Thursday, 13 March 2008

Review: "The Burning City" by Larry Niven and Jerry Pournelle

I just finished the epic "Burning City" by Larry Niven and Jerry Pournelle. I don't tend to read much fantasy, but it was a pleasant enough diversion. What strikes me after reading "Oath of Fealty", "Lucifer's Hammer" and "Burning City" is just how much of Niven and Pournelle's work is centered around California and Particularly Los Angeles. I wish I'd read more of their work when I lived there.

"Burning City" offers a nice take on the fantasy genre. There's magic, to be sure, but interpersonal dynamics, class struggle, and the love of storytelling are just as much a part of the world they describe. Its also a nice take on the epic story. "Burning City" does not take its hero's greatness for granted. We see the hero come from his early childhood through to middle age, and grow to new kinds of greatness all along the way. Although we clearly see the main character grow into adulthood, the book does not follow the formula of so many "rite of passage" novels, taking the hero through a great test that leads them to adulthood only to summarize the remainder of their life in a single chapter (ala Harry Potter, "His Dark Materials", "Middle Passage", shall I go on?).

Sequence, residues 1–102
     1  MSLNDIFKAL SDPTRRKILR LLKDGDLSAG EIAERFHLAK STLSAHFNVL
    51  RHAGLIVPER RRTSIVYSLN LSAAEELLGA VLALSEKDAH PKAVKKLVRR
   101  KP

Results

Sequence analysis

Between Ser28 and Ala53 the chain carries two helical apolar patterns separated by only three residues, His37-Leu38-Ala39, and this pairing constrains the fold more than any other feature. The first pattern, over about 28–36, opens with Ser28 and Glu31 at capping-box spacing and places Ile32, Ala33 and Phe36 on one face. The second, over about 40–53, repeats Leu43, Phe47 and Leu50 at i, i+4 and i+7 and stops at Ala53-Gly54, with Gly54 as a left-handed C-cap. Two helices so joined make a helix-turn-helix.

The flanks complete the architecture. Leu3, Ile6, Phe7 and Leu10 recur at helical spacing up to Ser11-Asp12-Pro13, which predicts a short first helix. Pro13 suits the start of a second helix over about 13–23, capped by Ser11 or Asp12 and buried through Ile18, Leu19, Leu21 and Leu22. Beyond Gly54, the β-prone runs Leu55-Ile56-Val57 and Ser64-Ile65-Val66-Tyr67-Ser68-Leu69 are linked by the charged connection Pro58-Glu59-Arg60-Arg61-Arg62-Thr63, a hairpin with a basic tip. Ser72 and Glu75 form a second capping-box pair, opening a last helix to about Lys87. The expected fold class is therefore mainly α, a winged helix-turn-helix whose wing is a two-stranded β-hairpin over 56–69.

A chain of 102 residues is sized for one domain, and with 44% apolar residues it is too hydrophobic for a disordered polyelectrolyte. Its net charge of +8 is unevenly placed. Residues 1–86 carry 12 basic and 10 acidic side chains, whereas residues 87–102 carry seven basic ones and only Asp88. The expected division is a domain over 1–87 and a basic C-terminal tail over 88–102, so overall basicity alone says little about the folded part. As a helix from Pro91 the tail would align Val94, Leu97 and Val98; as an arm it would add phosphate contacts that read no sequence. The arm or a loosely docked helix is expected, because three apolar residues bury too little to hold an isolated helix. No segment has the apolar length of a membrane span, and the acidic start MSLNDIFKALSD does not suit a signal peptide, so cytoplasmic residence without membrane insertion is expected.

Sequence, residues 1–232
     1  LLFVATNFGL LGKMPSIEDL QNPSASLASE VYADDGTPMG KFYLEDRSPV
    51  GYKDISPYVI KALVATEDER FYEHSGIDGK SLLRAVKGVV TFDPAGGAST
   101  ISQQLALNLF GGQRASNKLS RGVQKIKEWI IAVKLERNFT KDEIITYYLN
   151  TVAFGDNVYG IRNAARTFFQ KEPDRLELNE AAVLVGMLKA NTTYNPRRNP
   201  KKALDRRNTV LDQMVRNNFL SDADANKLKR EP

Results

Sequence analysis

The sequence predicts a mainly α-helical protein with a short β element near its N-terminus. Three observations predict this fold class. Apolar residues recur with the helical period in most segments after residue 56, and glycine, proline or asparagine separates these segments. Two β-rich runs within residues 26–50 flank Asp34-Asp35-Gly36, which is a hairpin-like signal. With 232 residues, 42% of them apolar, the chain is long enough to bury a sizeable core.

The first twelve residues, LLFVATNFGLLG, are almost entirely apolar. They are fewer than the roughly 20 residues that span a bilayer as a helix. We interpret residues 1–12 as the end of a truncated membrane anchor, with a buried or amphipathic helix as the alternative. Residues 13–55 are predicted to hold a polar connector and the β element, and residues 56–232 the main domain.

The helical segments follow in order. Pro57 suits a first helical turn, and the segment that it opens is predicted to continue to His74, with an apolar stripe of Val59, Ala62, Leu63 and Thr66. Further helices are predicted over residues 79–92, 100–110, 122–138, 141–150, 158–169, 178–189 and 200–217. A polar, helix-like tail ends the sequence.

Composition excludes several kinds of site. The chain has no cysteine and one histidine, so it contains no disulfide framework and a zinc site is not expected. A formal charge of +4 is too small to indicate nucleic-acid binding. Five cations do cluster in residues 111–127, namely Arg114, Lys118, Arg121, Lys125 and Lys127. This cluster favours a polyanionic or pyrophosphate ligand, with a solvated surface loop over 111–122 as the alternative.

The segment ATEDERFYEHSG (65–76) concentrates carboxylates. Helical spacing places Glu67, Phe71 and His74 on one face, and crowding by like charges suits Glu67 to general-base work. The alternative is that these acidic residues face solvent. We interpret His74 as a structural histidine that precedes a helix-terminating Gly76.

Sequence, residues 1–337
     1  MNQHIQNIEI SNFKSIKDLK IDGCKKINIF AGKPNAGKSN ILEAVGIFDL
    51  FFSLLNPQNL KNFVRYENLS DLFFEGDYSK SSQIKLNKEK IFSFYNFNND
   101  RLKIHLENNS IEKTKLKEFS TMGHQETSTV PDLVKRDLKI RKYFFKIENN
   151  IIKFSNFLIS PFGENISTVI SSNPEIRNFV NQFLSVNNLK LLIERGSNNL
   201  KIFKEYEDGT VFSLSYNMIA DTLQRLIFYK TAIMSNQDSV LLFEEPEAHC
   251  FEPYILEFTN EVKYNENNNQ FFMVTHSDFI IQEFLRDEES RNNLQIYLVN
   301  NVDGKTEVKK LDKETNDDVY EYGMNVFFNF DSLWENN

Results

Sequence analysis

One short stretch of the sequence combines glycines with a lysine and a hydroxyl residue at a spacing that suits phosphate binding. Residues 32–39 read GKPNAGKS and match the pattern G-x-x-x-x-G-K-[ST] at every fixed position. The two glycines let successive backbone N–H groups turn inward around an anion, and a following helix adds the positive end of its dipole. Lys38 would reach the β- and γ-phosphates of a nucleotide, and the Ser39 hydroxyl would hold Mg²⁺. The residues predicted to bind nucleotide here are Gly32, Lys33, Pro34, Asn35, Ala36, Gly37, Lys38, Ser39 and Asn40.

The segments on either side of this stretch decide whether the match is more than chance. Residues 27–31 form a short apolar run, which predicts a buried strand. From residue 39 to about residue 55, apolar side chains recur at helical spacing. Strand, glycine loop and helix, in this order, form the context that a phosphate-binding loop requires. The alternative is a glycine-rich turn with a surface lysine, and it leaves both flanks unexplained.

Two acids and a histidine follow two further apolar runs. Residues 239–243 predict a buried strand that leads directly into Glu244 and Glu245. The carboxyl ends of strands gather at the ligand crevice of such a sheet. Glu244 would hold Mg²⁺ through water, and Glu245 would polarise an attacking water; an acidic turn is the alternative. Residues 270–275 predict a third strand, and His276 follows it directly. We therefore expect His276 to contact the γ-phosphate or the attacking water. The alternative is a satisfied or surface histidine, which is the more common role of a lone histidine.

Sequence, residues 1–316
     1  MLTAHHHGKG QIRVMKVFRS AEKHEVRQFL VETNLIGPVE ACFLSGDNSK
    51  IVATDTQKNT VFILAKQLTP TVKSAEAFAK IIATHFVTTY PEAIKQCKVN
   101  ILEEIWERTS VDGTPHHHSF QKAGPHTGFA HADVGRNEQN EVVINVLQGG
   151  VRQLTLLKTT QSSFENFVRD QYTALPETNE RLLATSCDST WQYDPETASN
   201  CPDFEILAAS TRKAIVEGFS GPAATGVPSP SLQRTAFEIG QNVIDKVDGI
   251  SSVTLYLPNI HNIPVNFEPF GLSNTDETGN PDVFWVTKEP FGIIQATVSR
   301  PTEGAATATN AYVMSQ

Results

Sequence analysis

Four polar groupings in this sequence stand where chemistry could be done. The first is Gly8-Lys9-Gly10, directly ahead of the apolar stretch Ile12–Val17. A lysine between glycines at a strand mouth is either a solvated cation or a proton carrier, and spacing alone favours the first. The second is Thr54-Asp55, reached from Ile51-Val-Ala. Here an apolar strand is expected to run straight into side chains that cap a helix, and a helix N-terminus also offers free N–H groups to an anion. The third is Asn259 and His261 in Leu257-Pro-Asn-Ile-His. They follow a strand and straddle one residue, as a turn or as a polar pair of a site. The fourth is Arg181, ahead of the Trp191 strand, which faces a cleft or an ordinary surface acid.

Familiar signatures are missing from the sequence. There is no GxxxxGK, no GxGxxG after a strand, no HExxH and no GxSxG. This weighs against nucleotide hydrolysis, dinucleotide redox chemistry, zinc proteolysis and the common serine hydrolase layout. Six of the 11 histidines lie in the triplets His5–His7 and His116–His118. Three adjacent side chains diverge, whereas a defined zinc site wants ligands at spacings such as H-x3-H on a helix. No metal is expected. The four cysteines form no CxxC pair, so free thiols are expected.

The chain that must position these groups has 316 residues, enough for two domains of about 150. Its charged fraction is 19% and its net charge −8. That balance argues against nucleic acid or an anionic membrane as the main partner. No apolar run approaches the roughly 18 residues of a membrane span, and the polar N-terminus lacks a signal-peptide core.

The tone of the story and the careful avoidance of more graphic content remind me somewhat of Michael Chabon's excellent "Summerland". Where "Summerland" is a sprawling (but somewhat shallower) pastiche of legends from North America, "Burning City" is a narrower cross section of just a few recognizable elements explored in more depth. Both novels are about learning to make one's way in the world, and just as in life, each character has his own solution. On balance, I like the darker tone of "Summerland" and the outstanding ending a tad better.

This isn't to say that "Burning City" is a bad book, in fact quite the opposite. The authors are obviously skilled enough to succeed in venturing outside of their primary genre. I don't know that I'll read any more fantasy for a while, but it was a nice change of pace and I plan to read their remaining collaborative works when I get a chance.

Here's a challenge for anyone who likes Fantasy more than Science Fiction: try this book, then cross over and try "The Mote in God's Eye" to see how you like it...

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